|dc.description.abstract||Battery-charging units are appreciably being used in residential application as power back-up in the face of power shortages. The study investigated the effects of backup battery-charging units on the low voltage distribution network. The investigation focused on examining the supply voltage drop, total harmonic distortions (THD) and dc component produced at the point of common coupling by backup battery-charging using Simulink.
Fourteen performance parameters which determined the quality of low voltage distribution network were reviewed. Eight of the performance parameters (namely supply voltage, supply current, harmonics, voltage imbalance, notches, direct current mains signaling interference and noise) were found to be affected by backup battery-charging units.
Three out of 8 performance parameters affected by backup battery-charging units can be investigated using Simulink. Performance parameters investigated are the voltage drop, harmonics and dc component.
Supply voltage drop of 0.13 to 2.48%, supply voltage THD of 0.02 to 0.17%, current THD of 0.41 to 0.61%, dc voltage component of 0.0000318 to 0.0008757V and dc current component of 0.00002763 to 0.00017417A were obtained by simulating up to 10 backup battery-charging units. Additionally, supply voltage drop of 2.74 to 12.93%, supply voltage THD of 0.18 to 0.83%, current THD of 0.63 to 3.65%, voltage dc component of 0.0009713 to 0.0087291V and current dc component of 0.00019423 to 0.00084623A were obtained by extrapolating 11 to 50 backup battery-charging units.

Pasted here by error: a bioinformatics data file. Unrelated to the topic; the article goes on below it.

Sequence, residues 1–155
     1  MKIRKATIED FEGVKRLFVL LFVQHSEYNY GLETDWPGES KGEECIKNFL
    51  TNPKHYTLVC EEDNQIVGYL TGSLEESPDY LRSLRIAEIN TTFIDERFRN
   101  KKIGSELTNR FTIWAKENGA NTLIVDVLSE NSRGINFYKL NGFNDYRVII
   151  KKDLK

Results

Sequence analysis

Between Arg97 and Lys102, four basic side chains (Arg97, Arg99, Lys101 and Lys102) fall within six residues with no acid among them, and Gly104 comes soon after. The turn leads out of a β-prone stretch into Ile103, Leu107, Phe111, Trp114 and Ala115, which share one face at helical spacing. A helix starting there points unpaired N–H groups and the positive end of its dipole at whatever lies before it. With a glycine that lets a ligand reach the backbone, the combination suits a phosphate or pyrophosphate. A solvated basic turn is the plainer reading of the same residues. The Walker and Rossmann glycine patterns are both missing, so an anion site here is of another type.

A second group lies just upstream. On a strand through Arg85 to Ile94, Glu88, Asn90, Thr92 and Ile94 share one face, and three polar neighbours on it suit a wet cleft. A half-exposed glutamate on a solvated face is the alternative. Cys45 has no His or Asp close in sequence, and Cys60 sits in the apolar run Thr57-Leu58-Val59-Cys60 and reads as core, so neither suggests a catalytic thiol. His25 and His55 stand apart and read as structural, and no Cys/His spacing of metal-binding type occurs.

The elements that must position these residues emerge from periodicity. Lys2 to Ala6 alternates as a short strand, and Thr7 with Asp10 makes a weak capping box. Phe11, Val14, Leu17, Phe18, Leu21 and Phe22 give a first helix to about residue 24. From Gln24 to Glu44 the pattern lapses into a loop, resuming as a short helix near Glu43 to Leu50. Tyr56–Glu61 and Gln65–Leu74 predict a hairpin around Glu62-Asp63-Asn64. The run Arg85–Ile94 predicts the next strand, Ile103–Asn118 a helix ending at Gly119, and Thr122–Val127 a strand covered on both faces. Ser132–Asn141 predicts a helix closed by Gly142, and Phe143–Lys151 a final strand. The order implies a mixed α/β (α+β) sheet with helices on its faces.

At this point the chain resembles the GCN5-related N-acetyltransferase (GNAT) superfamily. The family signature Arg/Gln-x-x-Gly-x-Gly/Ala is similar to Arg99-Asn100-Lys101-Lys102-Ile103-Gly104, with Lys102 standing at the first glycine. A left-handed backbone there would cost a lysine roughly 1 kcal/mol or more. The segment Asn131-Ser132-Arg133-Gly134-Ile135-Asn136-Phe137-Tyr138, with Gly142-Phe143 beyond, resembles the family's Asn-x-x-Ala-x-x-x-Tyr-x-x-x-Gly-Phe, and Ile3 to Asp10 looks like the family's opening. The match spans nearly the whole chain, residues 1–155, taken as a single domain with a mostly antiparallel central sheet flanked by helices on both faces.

By extrapolation, the maximum number of backup battery-charging units required to produce maximum permissible supply voltage drop of 10% and THD of 5% were found as being 39 for supply voltage drop, 57 for current THD and 300 for voltage THD. The voltage drop above 10% and the THD above 5% require mitigation to maintain the values at the acceptable limit according to Institute of Electrical and Electronics Engineers (IEEE) 519 standard.
Overall, the least number of backup battery-charging units found to violate the standard was considered as the maximum number of backup battery-charging units which can be connected simultaneously. Therefore, 39 backup battery-charging units was considered as the maximum number of backup battery-charging units to be connected on the low voltage distribution network where neither supply voltage drop nor THD limits would be violated.
Keywords: Backup battery-charging unit, distribution, network, supply voltage/current, total harmonic distortion.||en